As if things were not bad enough, with the U.K.’s government announcing fresh restrictions in an effort to stem the advance of the long-anticipated second wave of the coronavirus, research published this week reveals many of the country’s businesses to be in pretty bad shape. The report by Goldsmiths, University of London in partnership with the technology company Microsoft finds that more than half of organizations surveyed have seen a decrease in revenue this year compared to last year, with more than one in five experiencing a drop greater than 15%. The same proportion had to scrap an existing business model within days of entering the lockdown announced in March, with 45% of leaders questioned expecting their current business
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“The more we focus on the historical inequalities the more it will foster current inequalities,” the post continued.
Spencer Early then joined in with a comment implying that Orange Shirt Day was ‘cherry picking’ oppressed groups and calling for discussion of discrimination faced by Jews, Ukrainians and Chinese people.
The comments prompted a torrent of responses accusing the Earlys of racism, with many indicating they’d no longer support the business.
Hantke said equating the Indigenous experience in Canada with that of other groups ignores current realities.
“You don’t have to look too far to see all the harm that racism is doing to Indigenous people right now,” she said, pointing to the recent case of Joyce Echaquon, an Atikamekw woman who died in a Quebec hospital. A livestreamed recording captured two nurses insulting her prior to her death.
While the Early family owns the shares, the Early’s
The coronavirus pandemic and the economic pain it is causing has brought a flood of new deposits to banks in Central Massachusetts and nationally.
The trend hasn’t been entirely good.
“Everyone can see the storm clouds on the horizon, and we just keep waiting for them to come,” said Todd Tallman, president of Cornerstone Bank in Southbridge.
Banks have seen net incomes drop precipitously and are setting aside far greater amounts of expected potential losses in loans and leases, according to a Worcester Business Journal review of Federal Deposit Insurance Corp. data.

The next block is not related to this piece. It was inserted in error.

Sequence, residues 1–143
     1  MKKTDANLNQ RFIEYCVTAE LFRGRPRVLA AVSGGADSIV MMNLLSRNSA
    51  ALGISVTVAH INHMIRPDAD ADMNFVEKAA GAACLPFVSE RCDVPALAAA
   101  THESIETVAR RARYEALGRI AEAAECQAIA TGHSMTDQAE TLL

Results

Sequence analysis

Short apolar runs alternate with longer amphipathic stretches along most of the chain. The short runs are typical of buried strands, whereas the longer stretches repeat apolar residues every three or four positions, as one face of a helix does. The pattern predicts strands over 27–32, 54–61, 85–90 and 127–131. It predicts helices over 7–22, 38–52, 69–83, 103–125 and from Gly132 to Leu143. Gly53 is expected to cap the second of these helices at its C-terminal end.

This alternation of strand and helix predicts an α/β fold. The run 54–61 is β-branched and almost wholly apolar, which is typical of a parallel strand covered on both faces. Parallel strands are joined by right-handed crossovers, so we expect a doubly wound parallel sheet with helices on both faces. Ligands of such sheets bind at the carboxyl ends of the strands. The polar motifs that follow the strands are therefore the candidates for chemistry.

Across the 15 largest locally-based banks by deposits, the first half of 2020 saw deposits soar by 18%, or more than $2.5 billion, compared to a year earlier.
“Banks on the whole are flush with deposits,” said Brian McEvoy, a senior vice president at Webster Five Cents Savings Bank, who leads its retail banking division. “Growth year-to-year is
While coronavirus has sharply disrupted the world of business education this year just as it has other parts of the global economy, so far it has left demand for masters in management (MiM) courses and their reputation among alumni largely unscathed.
Business school faculty and students alike have made considerable sacrifices and been forced to adapt to the pressures of the pandemic. But the Financial Times 2020 MiM ranking shows continued strong performance for the degree and its variants (sometimes called international management, strategy, business, organisation, analysis or entrepreneurship), with little radical shift in the positions of the leading institutions.
With many employers cutting costs and recruitment, a MiM is a way for those who have recently finished undergraduate study to defer entry into an uncertain job market and pursue a professional qualification while deepening technical skills and enriching their networks. That appeal is reflected in indications from many schools
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You’ve probably heard the well-intentioned platitude, “We’re all in the same boat,” a few too many times this year. And while it’s true that we are all in this storm together—dealing with tremendous challenges related to the COVID-19 pandemic and the global recession—we’re not facing the storm with exactly the same circumstances or resources. “Same storm, different boat” seems more appropriate.
Why is it that some businesses are far better at navigating this storm than others? How are some managing to thrive, despite all the obstacles, while others are flailing? The numbers are sobering. Large corporations and small businesses alike are struggling to stay afloat, and many may not survive.
In the U.S., more than 80,000 businesses permanently closed between March 1 to July 25, according to data from Yelp Inc.; 60,000 were